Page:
Leaders of the African-American Catholic community are developing a five-year pastoral plan that will emphasize evangelization within their community. The plan is built on current research that found black Catholics are highly engaged in their faith life and on the leaders' experience of black Catholics leaving the church.
The need for evangelization is ever present when one looks at the number of people from any ethnic group leaving the Catholic church, said Deacon Arthur Miller, a board member of the National Black Catholic Congress and president of the National Association of Black Catholic Administrators.
If God gave an 11th commandment, he said, it very likely could be, "Thou shall not be a bystander."
Approximately 2,500 people attended the National Black Catholic Congress XI in Indianapolis July 19-21.
The congress, held every five years in a different location each time, constructs a pastoral plan to guide the black Catholic community for the next five years. Themes emerging from this year's plan, which is currently in draft form and will be released in its finalized form in a month, were "very much" affected by a 2011 study, said Bishop John H. Ricard, a retired bishop on the board of the congress.
In the summer of 2011, researchers Darren W. Davis and Donald B. Pope-Davis at the University of Notre Dame in Indiana conducted a study of U.S. black Catholics that was co-sponsored by the National Black Catholic Congress and the university's Office of the President and its Institute for Church Life. That study helped form the pastoral plan discussed at this year's National Black Catholic Congress assembly.
The Notre Dame study was the first ever to focus specifically on African-American Catholics -- who number about 3 million -- in enough numbers to draw statistically reliable national information on their views, attitudes, religious engagement and demographic characteristics, the researchers told NCR earlier this year.
The study found that black Catholics are more religiously engaged than white Catholic and white Protestants, and that cultural norms rather than religious norms account for the high religious engagement in black Catholics and black Protestants. Black Catholics tend to attend Mass more regularly and be more satisfied with parish life, and those who attend a predominantly black parish -- about a fourth of black Catholics -- are even more engaged.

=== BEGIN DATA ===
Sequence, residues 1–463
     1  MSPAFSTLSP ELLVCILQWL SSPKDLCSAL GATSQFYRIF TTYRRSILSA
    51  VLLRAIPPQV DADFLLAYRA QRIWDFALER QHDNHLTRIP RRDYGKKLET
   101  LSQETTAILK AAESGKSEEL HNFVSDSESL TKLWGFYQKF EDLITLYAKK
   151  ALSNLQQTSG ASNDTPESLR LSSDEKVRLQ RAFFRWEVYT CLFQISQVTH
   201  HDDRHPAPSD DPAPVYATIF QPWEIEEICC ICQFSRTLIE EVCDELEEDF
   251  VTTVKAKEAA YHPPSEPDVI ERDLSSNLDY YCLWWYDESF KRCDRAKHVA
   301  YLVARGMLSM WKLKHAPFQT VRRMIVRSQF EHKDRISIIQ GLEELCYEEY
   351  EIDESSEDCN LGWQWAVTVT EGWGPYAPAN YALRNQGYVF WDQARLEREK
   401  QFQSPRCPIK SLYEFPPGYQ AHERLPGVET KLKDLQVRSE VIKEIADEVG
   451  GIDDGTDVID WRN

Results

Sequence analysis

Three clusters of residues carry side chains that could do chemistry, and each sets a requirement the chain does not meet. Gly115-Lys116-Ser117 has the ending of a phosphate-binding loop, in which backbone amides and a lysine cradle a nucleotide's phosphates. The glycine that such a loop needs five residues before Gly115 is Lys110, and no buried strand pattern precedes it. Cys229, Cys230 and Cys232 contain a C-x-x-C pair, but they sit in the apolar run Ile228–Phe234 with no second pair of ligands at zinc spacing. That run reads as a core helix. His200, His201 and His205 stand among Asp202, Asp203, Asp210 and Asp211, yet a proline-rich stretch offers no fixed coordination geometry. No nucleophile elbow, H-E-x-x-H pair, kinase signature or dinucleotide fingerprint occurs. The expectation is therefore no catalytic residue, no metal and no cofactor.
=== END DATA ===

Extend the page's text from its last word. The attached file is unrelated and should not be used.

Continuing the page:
Traditional church teaching and "day of reflection" meetings -- held in dioceses prior to the congress where black Catholics reflected on spiritual and pastoral needs -- also heavily influenced the plan.
Dominican Fr. Reginald Whitt, a law professor at the University of St. Thomas in St. Paul, Minn., gave the opening address at the congress.
He reflected on the re-emergence of a distinctly black Catholic identity following the Second Vatican Council, especially with the U.S. black bishops issuing in 1984 the pastoral letter "What We Have Seen and Heard," which showed that black Catholics "had come of age in the church."
"We were authentically black," Whitt said. "We were truly Catholic. And, hence, we were called to evangelization. Thus began the current era of the Black Catholic Congress."
Whitt also reflected on the fact that black Catholics are a small minority within the larger black community in the U.S., making up approximately 5 percent of the black population.
Even so, black Catholics still put an emphasis on evangelizing. That was one of the themes of this year's pastoral plan, Ricard said. He also noted that the turnout for the congress this year, including a number of young people, was a bit higher than the standard 2,000 attendees other years.
Outreach to youth was another theme in the pastoral plan draft. At the congress, the young people wrote a youth pastoral plan during one of the general sessions. "We are excited about this new initiative because we need to keep the youth engaged in the church and community," congress executive director Valerie Washington said.